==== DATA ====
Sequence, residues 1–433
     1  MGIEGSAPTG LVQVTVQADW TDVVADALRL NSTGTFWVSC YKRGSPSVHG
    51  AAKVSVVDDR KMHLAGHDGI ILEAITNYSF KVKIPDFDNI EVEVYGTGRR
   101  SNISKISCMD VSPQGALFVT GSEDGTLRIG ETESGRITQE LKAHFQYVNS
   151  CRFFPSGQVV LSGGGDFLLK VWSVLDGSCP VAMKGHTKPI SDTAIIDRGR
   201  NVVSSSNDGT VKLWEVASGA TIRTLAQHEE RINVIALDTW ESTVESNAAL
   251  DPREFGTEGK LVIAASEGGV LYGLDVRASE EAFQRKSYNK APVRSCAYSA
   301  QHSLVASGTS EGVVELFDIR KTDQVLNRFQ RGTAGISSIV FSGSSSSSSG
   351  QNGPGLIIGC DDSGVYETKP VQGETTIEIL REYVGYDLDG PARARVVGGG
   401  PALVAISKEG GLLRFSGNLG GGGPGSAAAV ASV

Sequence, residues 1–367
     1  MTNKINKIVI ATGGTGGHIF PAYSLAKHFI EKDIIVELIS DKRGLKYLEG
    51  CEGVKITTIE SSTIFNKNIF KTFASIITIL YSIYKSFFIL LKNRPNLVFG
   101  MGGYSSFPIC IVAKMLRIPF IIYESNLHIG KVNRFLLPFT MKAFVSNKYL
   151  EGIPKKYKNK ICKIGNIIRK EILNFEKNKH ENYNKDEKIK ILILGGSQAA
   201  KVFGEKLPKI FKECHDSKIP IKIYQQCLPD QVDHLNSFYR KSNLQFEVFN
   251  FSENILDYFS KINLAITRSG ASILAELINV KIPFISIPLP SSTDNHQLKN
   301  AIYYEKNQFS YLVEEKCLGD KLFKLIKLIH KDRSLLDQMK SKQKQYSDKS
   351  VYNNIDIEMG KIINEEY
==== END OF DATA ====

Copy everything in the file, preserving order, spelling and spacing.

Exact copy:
Sequence, residues 1–433
     1  MGIEGSAPTG LVQVTVQADW TDVVADALRL NSTGTFWVSC YKRGSPSVHG
    51  AAKVSVVDDR KMHLAGHDGI ILEAITNYSF KVKIPDFDNI EVEVYGTGRR
   101  SNISKISCMD VSPQGALFVT GSEDGTLRIG ETESGRITQE LKAHFQYVNS
   151  CRFFPSGQVV LSGGGDFLLK VWSVLDGSCP VAMKGHTKPI SDTAIIDRGR
   201  NVVSSSNDGT VKLWEVASGA TIRTLAQHEE RINVIALDTW ESTVESNAAL
   251  DPREFGTEGK LVIAASEGGV LYGLDVRASE EAFQRKSYNK APVRSCAYSA
   301  QHSLVASGTS EGVVELFDIR KTDQVLNRFQ RGTAGISSIV FSGSSSSSSG
   351  QNGPGLIIGC DDSGVYETKP VQGETTIEIL REYVGYDLDG PARARVVGGG
   401  PALVAISKEG GLLRFSGNLG GGGPGSAAAV ASV

Sequence, residues 1–367
     1  MTNKINKIVI ATGGTGGHIF PAYSLAKHFI EKDIIVELIS DKRGLKYLEG
    51  CEGVKITTIE SSTIFNKNIF KTFASIITIL YSIYKSFFIL LKNRPNLVFG
   101  MGGYSSFPIC IVAKMLRIPF IIYESNLHIG KVNRFLLPFT MKAFVSNKYL
   151  EGIPKKYKNK ICKIGNIIRK EILNFEKNKH ENYNKDEKIK ILILGGSQAA
   201  KVFGEKLPKI FKECHDSKIP IKIYQQCLPD QVDHLNSFYR KSNLQFEVFN
   251  FSENILDYFS KINLAITRSG ASILAELINV KIPFISIPLP SSTDNHQLKN
   301  AIYYEKNQFS YLVEEKCLGD KLFKLIKLIH KDRSLLDQMK SKQKQYSDKS
   351  VYNNIDIEMG KIINEEY